UBC Theses and Dissertations
Learning through action with embodied education : a multisensory component analysis in an early literacy skills intervention Bartfai, Jamie M.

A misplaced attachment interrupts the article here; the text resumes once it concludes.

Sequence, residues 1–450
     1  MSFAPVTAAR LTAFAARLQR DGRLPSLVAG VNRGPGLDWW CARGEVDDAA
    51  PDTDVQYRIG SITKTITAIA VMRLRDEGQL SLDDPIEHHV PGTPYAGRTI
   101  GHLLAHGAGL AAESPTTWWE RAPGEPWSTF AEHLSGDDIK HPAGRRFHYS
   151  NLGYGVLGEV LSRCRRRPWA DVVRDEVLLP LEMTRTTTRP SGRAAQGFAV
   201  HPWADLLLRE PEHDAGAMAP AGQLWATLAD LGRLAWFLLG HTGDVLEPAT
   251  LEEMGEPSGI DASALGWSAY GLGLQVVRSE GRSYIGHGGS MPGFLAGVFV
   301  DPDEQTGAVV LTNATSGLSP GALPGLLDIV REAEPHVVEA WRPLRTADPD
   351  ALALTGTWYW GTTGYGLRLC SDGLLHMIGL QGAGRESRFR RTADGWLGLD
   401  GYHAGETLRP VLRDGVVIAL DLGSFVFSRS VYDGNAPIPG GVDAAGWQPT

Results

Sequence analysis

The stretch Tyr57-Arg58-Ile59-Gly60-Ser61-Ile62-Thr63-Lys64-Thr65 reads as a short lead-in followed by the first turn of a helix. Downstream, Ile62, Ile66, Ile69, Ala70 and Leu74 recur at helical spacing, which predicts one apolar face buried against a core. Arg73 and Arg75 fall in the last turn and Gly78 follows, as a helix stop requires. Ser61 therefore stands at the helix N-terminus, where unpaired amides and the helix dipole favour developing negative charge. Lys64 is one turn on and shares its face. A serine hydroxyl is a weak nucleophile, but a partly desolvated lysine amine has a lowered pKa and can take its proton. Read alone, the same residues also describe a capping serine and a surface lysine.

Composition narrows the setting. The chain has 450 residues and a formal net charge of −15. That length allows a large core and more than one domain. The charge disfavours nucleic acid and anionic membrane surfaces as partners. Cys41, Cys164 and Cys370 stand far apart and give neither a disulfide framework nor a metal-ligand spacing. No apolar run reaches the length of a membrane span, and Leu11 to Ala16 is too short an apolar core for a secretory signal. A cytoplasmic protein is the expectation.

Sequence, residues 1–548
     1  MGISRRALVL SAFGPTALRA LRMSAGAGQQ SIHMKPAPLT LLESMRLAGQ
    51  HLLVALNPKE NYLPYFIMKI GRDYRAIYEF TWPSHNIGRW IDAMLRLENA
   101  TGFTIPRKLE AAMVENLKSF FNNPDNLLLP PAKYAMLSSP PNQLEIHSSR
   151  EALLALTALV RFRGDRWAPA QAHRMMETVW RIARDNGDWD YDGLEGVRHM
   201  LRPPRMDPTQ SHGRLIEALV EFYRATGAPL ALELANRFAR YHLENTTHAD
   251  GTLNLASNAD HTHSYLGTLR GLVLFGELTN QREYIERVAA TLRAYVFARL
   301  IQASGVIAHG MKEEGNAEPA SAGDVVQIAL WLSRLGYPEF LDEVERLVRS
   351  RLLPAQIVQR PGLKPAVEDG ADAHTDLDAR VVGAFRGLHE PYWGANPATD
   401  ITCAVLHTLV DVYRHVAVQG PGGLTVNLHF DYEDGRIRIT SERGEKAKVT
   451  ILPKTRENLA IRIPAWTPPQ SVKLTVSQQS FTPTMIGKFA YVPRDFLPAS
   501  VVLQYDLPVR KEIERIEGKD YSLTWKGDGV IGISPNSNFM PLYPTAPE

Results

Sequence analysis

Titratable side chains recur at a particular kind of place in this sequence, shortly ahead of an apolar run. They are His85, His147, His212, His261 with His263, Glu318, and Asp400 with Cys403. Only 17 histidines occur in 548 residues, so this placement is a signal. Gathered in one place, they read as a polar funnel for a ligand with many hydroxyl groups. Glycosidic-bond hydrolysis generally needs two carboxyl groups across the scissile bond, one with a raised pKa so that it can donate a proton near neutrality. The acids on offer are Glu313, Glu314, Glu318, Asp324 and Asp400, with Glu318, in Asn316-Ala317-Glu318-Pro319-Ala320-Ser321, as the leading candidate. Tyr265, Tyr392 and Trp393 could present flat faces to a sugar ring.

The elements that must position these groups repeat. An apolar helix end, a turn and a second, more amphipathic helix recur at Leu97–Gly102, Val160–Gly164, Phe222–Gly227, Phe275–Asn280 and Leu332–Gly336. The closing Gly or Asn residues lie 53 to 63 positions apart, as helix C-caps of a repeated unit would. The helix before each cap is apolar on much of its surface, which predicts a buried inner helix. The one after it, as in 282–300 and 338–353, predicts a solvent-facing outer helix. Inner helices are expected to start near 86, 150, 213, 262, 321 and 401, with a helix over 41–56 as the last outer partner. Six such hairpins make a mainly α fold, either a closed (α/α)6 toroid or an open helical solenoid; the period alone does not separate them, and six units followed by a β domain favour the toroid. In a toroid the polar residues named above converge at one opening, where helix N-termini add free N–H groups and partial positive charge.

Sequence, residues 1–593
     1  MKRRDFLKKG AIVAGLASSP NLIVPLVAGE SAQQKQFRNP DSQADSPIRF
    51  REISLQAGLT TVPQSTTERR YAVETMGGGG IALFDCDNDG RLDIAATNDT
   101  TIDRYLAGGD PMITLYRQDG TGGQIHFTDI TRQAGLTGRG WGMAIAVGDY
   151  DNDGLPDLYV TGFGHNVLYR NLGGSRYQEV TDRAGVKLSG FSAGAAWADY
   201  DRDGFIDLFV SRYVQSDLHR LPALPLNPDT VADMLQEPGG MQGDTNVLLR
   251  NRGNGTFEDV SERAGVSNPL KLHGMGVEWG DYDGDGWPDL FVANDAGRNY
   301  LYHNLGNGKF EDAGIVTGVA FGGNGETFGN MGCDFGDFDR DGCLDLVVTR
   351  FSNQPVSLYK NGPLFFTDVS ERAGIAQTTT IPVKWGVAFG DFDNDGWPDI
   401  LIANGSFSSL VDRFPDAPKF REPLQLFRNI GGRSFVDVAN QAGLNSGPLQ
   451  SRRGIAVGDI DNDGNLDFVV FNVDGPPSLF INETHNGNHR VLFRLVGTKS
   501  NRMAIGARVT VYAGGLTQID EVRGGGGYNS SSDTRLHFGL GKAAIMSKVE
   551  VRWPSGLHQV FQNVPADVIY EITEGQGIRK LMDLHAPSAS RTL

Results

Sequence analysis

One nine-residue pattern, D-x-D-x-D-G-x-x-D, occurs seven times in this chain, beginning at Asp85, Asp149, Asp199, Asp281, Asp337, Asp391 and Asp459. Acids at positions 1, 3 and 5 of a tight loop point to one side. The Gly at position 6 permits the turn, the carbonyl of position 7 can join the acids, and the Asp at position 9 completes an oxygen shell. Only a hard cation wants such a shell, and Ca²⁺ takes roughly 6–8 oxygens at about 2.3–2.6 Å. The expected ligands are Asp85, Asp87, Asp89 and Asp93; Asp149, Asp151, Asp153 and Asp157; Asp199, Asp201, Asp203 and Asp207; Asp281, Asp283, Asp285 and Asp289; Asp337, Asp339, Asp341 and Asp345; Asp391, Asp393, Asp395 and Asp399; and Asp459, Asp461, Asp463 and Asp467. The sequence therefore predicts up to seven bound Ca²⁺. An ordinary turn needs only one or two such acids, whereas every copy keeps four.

Multisensory components have been used across various educational approaches for many decades; however, the specific contribution of multisensory components is not well documented or explained, especially from an embodied education approach. Thus, an investigation of the effectiveness of adding a multisensory component (i.e., sandpaper letters) to an early literacy skills intervention (i.e., modified Road to the Code program; Blachman, Ball, Black, & Tangle, 2000) was conducted. To accomplish this, a multiple-baseline multiple-sequence design was used with six kindergarten students identified as needing remediating instruction, comparing instruction with and without the multisensory component while keeping instructional time constant. It was hypothesized that participants would show greater gains in early literacy skills (i.e., naming letters, segmenting words into phonemes, and decoding phonetically regular words) following the intervention with the multisensory component, compared to the intervention without. The addition of a multisensory component (i.e., sandpaper letters) was time efficient and simple to implement, and appeared to result in differential growth for at least some students. Given that the addition of a modest multisensory component appeared to assist some students in improving their early literacy skills, results were consistent with theories of embodied cognition and suggested that a more robust multisensory intervention could be worth developing and researching further.
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